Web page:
Slow job growth wor­ries fi­nan­cial mar­kets

The Pak Banker - - MARKETS/SPORTS -

Amer­i­can work­ers have be­gun to see a no­table pickup in their pay­checks af­ter years of stag­na­tion, with wages in­creas­ing at their fastest rate since the end of the Great Re­ces­sion.

Govern­ment data re­leased Fri­day showed that av­er­age earn­ings spiked 12 cents an hour in Jan­uary, the se­cond-big­gest jump in at least a decade. As a re­sult, wages have risen at an an­nu­al­ized rate of 2.9 per­cent over the past six months.

Still, the ques­tion re­mains whether those gains will be sus­tained or will prove to be an­other blip in the na­tion's bumpy eco­nomic re­cov­ery. Hir­ing surged at the end of last year, giv­ing work­ers more lev­er­age to seek bet­ter wages. But Fri­day's data also showed that job growth slowed in Jan­uary to 151,000 po­si­tions - a solid num­ber but less than an­a­lysts had ex­pected.

The un­em­ploy­ment rate dipped to 4.9 per­cent, a mile­stone in the na­tion's re­cov­ery since un­em­ploy­ment peaked at 10 per­cent dur­ing the re­ces­sion.

"This is very con­sis­tent with a re­cov­ery that's mov­ing in the right di­rec­tion," La­bor Sec­re­tary Thomas Perez said in an in­ter­view. "We're get­ting close to the sum­mit of the moun­tain, but we're not yet there."

Fi­nan­cial mar­kets re­acted badly to the news, with the Stan­dard & Poor's 500-stock in­dex fall­ing 35.4 points, or 1.9 per­cent, to 1880.05 and the tech­nol­ogy-heavy Nas­daq com­pos­ite in­dex plung­ing 146.42 points, or 3.25 per­cent, to 4363.14. The Dow Jones in­dus­trial av­er­age also fell nearly 212 points, or 1.3 per­cent.

In­vestors' anx­i­eties may have been driven by dif­fer­ent, and po­ten­tially con­flict­ing, con­cerns: that job growth was slow­ing, in­di­cat­ing a softer econ­omy, and that higher wages would spur in­fla­tion, lead­ing the Fed­eral Re­serve to raise rates.

Be­fore the re­ces­sion, wages were grow­ing at an an­nual rate of about 3.5 per­cent. But then mil­lions of work­ers lost their jobs and the job­less rate sky­rock­eted. Since 2010, wage growth has flat­lined at roughly 2 per­cent de­spite a dra­matic drop in un­em­ploy­ment.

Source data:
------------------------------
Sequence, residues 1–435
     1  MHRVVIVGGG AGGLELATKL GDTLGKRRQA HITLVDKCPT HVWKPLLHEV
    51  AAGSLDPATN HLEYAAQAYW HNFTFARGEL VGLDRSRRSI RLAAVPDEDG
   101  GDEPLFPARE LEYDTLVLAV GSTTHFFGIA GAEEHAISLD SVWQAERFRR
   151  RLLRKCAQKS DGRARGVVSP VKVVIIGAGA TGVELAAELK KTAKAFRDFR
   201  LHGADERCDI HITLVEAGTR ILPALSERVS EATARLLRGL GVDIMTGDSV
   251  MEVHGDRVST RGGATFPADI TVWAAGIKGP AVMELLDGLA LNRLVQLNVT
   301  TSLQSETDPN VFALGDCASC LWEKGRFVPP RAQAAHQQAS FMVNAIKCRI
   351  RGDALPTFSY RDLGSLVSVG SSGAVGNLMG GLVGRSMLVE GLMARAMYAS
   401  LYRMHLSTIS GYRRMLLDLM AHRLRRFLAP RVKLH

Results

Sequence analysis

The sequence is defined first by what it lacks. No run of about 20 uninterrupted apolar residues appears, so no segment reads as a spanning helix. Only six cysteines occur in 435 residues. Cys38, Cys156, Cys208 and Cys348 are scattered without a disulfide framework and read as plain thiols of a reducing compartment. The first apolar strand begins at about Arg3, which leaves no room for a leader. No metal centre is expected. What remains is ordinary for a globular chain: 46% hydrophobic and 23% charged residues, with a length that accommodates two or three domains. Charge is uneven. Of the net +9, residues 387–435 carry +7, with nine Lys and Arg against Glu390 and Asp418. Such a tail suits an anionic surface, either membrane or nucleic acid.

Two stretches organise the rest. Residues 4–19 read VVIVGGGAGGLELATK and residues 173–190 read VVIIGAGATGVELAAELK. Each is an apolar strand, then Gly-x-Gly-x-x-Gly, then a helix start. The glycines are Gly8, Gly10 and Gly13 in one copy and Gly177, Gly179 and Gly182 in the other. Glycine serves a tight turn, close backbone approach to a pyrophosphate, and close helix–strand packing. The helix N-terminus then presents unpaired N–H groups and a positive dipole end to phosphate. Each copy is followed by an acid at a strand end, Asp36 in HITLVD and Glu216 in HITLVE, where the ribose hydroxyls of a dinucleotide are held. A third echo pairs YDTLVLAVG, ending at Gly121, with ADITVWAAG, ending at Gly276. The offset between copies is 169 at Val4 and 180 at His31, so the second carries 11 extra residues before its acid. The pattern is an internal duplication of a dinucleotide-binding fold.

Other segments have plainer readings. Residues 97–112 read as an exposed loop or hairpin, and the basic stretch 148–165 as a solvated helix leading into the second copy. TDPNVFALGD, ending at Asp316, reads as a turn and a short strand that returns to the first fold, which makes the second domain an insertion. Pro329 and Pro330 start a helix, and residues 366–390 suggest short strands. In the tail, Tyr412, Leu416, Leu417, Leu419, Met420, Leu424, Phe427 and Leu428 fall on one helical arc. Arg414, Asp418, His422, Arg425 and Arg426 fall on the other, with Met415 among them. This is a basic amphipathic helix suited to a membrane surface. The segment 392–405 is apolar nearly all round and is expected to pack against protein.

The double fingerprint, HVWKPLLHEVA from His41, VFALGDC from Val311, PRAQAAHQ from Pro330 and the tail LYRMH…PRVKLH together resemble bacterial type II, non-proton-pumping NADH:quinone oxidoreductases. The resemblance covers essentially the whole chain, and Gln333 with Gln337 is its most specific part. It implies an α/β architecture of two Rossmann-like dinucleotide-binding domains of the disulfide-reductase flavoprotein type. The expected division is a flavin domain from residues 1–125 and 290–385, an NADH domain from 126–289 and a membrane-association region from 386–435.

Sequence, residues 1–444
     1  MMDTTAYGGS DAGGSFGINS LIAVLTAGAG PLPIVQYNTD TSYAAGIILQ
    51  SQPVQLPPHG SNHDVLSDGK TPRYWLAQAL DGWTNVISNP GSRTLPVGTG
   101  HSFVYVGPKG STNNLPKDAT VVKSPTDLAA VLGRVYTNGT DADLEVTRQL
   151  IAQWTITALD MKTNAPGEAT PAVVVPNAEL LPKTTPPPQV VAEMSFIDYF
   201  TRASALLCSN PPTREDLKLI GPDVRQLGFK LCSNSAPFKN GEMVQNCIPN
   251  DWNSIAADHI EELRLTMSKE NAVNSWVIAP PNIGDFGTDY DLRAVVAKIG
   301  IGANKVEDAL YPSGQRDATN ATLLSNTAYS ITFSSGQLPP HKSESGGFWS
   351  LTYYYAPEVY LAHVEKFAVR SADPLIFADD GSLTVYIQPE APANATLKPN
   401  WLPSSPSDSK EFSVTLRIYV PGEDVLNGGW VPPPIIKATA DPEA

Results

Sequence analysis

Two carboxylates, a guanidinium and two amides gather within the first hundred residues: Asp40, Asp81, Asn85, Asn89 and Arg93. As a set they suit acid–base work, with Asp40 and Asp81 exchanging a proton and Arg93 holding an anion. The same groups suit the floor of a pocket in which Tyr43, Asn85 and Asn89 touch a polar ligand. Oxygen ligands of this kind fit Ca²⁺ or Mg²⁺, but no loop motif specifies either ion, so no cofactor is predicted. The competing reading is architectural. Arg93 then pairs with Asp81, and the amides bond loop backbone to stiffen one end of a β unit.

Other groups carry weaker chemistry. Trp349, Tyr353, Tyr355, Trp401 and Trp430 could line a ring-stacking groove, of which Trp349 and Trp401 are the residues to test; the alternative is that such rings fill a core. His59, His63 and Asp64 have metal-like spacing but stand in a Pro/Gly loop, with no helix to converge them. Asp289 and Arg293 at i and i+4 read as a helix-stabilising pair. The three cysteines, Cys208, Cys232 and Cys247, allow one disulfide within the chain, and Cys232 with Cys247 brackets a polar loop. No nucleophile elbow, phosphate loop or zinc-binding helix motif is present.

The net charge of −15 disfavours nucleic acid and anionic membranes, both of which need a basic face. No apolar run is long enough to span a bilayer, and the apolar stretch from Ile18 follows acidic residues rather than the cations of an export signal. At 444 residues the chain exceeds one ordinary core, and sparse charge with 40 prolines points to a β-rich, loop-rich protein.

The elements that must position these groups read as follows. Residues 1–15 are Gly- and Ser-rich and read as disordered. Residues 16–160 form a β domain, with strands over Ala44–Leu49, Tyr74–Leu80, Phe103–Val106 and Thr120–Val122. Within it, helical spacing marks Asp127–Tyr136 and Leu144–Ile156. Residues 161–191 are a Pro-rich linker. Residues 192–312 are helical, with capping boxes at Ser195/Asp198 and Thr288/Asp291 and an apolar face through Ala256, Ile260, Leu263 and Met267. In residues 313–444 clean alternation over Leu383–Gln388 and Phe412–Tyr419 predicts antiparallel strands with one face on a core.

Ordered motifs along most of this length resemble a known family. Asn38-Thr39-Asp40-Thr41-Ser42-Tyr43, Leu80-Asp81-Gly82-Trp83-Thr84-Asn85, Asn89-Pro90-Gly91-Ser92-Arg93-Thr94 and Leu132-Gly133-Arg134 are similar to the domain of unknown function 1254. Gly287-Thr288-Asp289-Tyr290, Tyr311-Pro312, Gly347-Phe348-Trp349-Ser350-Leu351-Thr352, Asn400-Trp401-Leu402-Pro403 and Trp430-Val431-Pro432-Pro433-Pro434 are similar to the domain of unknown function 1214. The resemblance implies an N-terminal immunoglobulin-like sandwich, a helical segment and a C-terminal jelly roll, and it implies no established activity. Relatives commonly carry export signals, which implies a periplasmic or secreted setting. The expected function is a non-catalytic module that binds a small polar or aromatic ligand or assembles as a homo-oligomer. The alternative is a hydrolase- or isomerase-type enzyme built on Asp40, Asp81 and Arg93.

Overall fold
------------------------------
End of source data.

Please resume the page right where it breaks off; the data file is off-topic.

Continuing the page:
That stub­born stag­na­tion has ex­ac­er­bated the coun­try's ris­ing in­equal­ity in wealth and in­come. Work­ers' wages re­mained stuck even as U.S. stock mar­kets notched record highs in re­cent years. Weak hourly earn­ings also sig­naled to some econ­o­mists that Amer­ica's work force was still in dis­tress.

Jan­uary's data showed lit­tle change for sev­eral of the hard­est-hit cor­ners of the job mar­ket. About 2.1 mil­lion peo­ple have been out of work for six months or longer, about the same num­ber as in June. An­other 6 mil­lion have part-time jobs but would pre­fer full-time work. Hun­dreds of thou­sands have be­come so dis­cour­aged by their job prospects that they have stopped look­ing.

One key mea­sure did show some im­prove­ment: The size of the work force in­creased slightly, nudg­ing the par­tic­i­pa­tion rate up to 62.7 per­cent af­ter fall­ing last year to the low­est level in a gen­er­a­tion.

"Job cre­ation and wage growth need to be far stronger, and they need to re­main strong for a longer pe­riod of time, be­fore the econ­omy is close to full em­ploy­ment," said Elise Gould, se­nior econ­o­mist at the left-lean­ing Eco­nomic Pol­icy In­sti­tute. Still, the re­cent wage gains, capped by the sur­pris­ing uptick in Jan­uary, pro­vide some re­as­sur­ance that the Amer­i­can re­cov­ery re­mains healthy in the face of tur­moil in global fi­nan­cial mar­kets at the start of the year. Ex­pec­ta­tions for world eco­nomic growth have dimmed, and fears are ris­ing that weak­ness over­seas - par­tic­u­larly in China - could spill over onto U.S. shores.

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